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Active member
Aug 4, 2007
Sylvan Lake
I am not diagnosed yet but it's only a matter of time. I realize some peole are retired so one a loved one becomes sick they may be more financially secure. We made the mistake of not having disability insurance on our mortage. I was caring for my mother at the time I got sick so do not have disability although there is cpp in Canada. When the spouce has to quit to care for their partner how do people live? We are just 30 with a new baby, new house, I fear we will have to sell our home and lose everything. Just curious how people get through these times financially
This is an excellent question of which I have yet to find an answer. Sorry!:confused:
My sense is that the answers differ from country to country and in the US it sometimes even makes a difference which state you live in. I think the first step is to find out exactly what you are or will be eligible for. If you find out that you will get help with food, for example, then at least you know the money you now spend on groceries can be put towards the mortgage. Ditto for transportation costs. In my state, I would be given a grant to hire help, so I could pay my hubby (God help us all) to take care of me and that, along with his retirement benefits, would become his income. (I will get disability income.)

Course I know I will need to fire his you-know-what after about two days of lying starved and thirsty while waiting for the game to get over on TV, so in reality we all know he will have to remain at work and I will hire somebody who is up to the job. But you get the idea.

My mum lives in Toronto; she has ALS. I have power of attorney and manage her finances. She had disability on her loans/credit cards and mortgage.. but no life insurance. If you have life insurance, have a professional read your policy to determine what their definitions of a disability is and find out if you can have home care covered or supplemented through your insurance. This would allow the other spouse to continue working. The CCAC can offer information on your options and what is needed to help you secure some funded home care etc... This all depends on the official diagnosis etc... The CCAC is the first place to start asking questions. If indeed there is a diagnosis of ALS, the ALS society in your area would be able to give you information, help and support.
Good point, Paula Jane. No sense crossing bridges before we get to them. Just in case, though, I occasionally remind my DH that the day might come when he will need to rise off the sofa. LOL. :-D
I'm not crossing bridges before I get to them the time is now for me to start planning, my husband has to quit his job to work closer to home. I f I waited on these dr.'s to tell me yes mya something is wrong I could wait forever. I am going by my body, the fact I am finding difficult to swallow, my hands are disfigured, and my muscles are going like crazy off my whole body. I have to plan based on my situation, not waiting for I neuro to say ok your in bad shape and wait till the last minute so my family is in a jam. I have been going downhill for 16 months, so planning for my family is the responsible thing to do.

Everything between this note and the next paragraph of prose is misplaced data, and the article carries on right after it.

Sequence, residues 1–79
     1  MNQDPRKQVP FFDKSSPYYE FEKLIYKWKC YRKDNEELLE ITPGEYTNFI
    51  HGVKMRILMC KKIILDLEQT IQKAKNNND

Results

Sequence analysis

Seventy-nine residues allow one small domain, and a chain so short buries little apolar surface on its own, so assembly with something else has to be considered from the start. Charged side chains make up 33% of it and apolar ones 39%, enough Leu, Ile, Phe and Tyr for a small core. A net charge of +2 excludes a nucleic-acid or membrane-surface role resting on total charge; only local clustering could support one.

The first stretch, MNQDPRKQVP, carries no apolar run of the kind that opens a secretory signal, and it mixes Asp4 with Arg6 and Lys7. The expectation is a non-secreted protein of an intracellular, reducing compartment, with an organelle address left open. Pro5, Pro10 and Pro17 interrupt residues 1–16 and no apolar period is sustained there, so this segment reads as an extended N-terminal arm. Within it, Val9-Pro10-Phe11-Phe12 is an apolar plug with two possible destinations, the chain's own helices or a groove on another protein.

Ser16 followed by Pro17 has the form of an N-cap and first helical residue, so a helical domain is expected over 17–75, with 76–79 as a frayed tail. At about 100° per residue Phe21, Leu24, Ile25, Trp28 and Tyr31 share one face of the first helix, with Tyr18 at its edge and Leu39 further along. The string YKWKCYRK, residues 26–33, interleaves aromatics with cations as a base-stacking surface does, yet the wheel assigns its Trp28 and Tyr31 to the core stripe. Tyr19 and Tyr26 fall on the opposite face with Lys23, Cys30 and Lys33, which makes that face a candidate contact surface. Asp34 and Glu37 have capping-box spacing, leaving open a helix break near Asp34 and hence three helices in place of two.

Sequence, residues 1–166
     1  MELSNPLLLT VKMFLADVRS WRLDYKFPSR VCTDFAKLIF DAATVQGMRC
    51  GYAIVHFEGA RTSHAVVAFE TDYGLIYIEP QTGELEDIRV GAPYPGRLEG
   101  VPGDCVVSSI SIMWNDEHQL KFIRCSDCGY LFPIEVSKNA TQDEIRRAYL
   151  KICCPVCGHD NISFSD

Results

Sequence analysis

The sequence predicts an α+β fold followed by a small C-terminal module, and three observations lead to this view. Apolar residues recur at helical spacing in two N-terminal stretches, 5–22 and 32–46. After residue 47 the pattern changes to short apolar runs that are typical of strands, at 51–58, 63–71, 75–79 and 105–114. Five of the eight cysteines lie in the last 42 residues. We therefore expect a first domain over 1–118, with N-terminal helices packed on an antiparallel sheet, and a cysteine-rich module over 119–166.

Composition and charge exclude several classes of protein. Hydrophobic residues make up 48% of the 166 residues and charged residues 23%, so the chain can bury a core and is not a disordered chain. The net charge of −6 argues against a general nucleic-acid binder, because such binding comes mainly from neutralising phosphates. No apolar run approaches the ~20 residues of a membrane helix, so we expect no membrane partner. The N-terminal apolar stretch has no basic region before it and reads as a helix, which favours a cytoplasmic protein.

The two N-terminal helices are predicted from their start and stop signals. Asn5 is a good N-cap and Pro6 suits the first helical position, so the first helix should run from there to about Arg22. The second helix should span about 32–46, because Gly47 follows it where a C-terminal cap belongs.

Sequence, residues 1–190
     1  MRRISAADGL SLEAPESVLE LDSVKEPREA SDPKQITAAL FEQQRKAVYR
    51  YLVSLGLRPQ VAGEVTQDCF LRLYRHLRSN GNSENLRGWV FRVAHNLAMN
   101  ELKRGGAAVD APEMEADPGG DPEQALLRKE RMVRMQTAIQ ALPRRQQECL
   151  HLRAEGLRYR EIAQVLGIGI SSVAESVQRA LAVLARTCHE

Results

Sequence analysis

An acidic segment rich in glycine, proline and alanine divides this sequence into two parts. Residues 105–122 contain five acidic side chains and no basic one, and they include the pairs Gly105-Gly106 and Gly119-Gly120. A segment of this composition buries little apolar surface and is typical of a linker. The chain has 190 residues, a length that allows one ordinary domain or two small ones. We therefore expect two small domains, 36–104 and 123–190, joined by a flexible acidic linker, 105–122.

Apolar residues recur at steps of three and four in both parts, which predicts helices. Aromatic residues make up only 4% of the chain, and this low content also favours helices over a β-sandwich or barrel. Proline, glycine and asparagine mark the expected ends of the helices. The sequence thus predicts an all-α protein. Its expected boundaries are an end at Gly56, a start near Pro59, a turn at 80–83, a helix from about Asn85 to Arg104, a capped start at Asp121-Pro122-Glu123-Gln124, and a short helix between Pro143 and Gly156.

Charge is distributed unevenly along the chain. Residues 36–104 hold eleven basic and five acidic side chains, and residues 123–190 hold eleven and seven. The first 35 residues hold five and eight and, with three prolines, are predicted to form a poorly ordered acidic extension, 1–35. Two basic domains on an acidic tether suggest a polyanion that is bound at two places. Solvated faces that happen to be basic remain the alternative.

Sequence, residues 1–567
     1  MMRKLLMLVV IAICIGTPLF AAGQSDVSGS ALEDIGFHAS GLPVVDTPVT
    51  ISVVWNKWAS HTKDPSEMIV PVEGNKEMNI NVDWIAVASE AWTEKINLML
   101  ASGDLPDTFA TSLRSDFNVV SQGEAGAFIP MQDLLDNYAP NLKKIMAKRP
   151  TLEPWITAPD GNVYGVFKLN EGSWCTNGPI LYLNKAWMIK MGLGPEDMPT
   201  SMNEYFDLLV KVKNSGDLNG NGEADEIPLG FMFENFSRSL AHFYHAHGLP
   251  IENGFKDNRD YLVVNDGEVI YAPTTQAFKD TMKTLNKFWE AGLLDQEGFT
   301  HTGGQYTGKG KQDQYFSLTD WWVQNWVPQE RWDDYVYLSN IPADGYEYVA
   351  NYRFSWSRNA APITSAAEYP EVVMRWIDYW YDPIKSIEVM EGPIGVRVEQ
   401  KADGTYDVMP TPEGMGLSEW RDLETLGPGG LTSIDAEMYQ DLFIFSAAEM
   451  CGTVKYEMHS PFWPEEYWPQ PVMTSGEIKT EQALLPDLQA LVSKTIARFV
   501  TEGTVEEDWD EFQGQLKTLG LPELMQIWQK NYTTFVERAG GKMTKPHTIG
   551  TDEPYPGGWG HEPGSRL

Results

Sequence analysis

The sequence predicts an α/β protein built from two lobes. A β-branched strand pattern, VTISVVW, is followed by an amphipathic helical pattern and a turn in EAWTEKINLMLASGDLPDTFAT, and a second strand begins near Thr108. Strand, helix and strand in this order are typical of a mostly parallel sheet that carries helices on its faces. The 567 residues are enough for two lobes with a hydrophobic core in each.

Yes and you are right, also. My other favorite saying is to plan for the worst and hope for the best. We each have to do what seems right because as you said, we know our bodies better than the doctors because we live in them. Cordially, Cindy
yes I agree cindy, I hope for the best everyday, I am just dealing with reality and my body is saying to me whoa sister you need some help.:-D
I am sorry, Myooshka, I hope you get answers soon and I hope they are good ones. cordially, Cindy
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I totally agree... you have to anticipate where this disease (or any other) will take you and be proactive the entire way. Being prepared is a necessity. Unfortunately, there are some resources that are not available without a diagnosis and that is totally frustrating.

Living in Mexico and having no social security or insurance of any kind, for the last 2 years (of 6) we had to rely on our families to help financially, I worked all the time that I could until it was no longer possible (in something part time, close to home and totally unrelated to my profession) . Somehow we always had whatever we needed. On 2 occasions we had huge fundraisers to get Andres a special computer like Stephen Hawkings' and the other to get him a Van, a tilt and recline wheelchair and a special driving system with sensors so he could drive it using his head (Magitek). The response was just amazing!

What I am trying to say is that one of the great lessons for us was learning to ask for what we needed and being open to receiving it. Of course we have a great family and community, but the point is that there is something very humbling and magical in opening yourself to ask for what you need, it is an opening of the heart too. You let go of the pretense, so common in western societies, that we are independent of each other and allow yourself to become open and vulnerable, when you do that you open the space for the same open heart and generosity to manifest in others. Many times the most important thing that came out was not the material thing itself but what actually happened when we asked.

Trust that you will not be given something you can't handle.
Thanks you realy have a way with words. I try not to worry just take it one day at a time. Getting a diagnosis will help, I would love not to have a diagnosis but I am living in reality. People still don't really think I am that ill, because I can still walk talk and people are still telling me I'll get better. Even for my husband to start to deal he just doesn't want to believe it and you can't blame him for that, but he said once we know we can start to make plans.
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